AMERICANS SPYING ON AMERICANS
The Reagan administration's paranoid concern with communism has
led to the development of a national private spying network and an
official effort by the FBI to turn America's librarians into spies.
People and groups who speak out against Reagan adminstration
policies put themselves in jeopardy of surveillance by private
intelligence-gathering organizations composed of conservative groups
with close ties to the White House. Members say they pass on the
information they collect to federal agencies, like the Justice
Department, and on occasion to the White House itself.
Conservative groups involved in these spying activities include
the Institute for Contemporary Studies, the Young America's
Foundation, the Council for Inter-American Security, and the Capital
Stephen Schwartz works at the Institute for Contemporary Studies,
a San Francisco think-tank founded by top Reagan aides like Ed Meese.
Schwartz calls it "the commie-watching network."
Michael Boos, Program Director of Young America's Foundation,
says the group promotes conservative ideas on college campuses .. and
keeps track of what the left-wing opposition is up to. Boos keeps
files, makes lists, takes photographs ... all to keep an eye on
students and professors he says "need watching." Boos says that two
top-level Reagan Adminstration officials -- Ken Cribb, Assistant to
the President for Domestic Affairs, and Frank Donatelli, the
President's chief Political Advisor -- support his work. Both serve on
Young America's Board of Directors. Young America's financial records
reveal the oganization received money from the federal government --
over $100,000 from the United States Information Agency.
Michael Waller gathers information on left-wing activists for a
private political group called the Council for Inter-American
Security. The Council claims that Bill Casey was driven to have a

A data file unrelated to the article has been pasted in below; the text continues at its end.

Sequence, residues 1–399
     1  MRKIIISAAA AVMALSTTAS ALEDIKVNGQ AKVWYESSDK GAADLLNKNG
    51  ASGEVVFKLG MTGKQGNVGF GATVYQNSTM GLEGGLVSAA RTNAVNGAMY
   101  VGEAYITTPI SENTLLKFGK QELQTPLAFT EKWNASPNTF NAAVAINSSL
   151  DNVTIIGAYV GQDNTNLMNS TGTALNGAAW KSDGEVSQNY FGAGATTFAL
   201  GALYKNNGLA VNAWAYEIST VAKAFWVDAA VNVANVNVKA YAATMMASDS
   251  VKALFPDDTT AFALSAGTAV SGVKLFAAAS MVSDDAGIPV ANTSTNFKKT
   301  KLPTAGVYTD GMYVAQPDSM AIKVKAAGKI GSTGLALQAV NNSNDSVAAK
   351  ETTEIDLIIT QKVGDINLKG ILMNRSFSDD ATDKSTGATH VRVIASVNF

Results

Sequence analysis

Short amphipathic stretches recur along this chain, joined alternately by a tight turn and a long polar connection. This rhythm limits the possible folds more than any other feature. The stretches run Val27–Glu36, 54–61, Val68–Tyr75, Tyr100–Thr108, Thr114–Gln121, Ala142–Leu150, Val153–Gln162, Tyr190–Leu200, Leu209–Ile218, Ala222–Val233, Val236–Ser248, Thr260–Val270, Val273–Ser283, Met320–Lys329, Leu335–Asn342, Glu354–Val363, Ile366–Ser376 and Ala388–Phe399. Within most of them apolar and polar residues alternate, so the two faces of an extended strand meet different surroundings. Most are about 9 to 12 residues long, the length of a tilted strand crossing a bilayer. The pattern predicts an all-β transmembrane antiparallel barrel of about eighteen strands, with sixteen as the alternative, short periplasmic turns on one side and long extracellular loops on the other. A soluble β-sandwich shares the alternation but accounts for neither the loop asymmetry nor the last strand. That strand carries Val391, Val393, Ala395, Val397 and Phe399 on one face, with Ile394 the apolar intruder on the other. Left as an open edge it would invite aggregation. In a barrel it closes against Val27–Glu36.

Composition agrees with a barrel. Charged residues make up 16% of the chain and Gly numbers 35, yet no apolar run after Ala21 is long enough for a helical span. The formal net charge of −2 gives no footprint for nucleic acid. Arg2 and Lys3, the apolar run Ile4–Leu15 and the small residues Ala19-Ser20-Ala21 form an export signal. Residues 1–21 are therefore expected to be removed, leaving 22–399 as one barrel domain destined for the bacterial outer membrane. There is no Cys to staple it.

brain seizure because of harassment by the liberal media and liberal
members of Congress. It also claims that Michigan Congressman George
Crockett was once a communist agent and that other congressmen who
secretly collaborated with the Soviet KGB included John Burton, Ted
Weiss, Ron Dellums, John Conyers, Don Edwards, and Charles Rangle.
Willa Johnson, who heads the Capital Research Center which
gathers information on opponents of White House policies, is former
Deputy Director of Personnel at the White House. The Center gets its
money from corporations and right-wing benefactors like Joe Coors and
Ellen Garwood, two key funders of the secret White House effort to
support the contras.
Meanwhile, the FBI officially recruits librarians to spy on
library users who might be diplomats of hostile powers recruiting
intelligence agents or gathering information potentially harmful to
U.S. security. While the current program, euphemistically called the
"Library Awareness Program," started shortly after the August, 1986,
arrest of a Soviet spy who frequented New York Libraries in search of
student recruits and stolen, unclassified library materials, the FBI
said the program has existed for years in various incarnations.
SOURCES: KRON-TV Target 4, San Francisco, 11/10-12/87, Sylvia
Chase, Jonathan Dann; Center for Investigative Reporting, Dan Noyes;
PHILADELPHIA INQUIRER, 2/23/88, "FBI asks librarians to help in the
search for spies," by Amy Linn.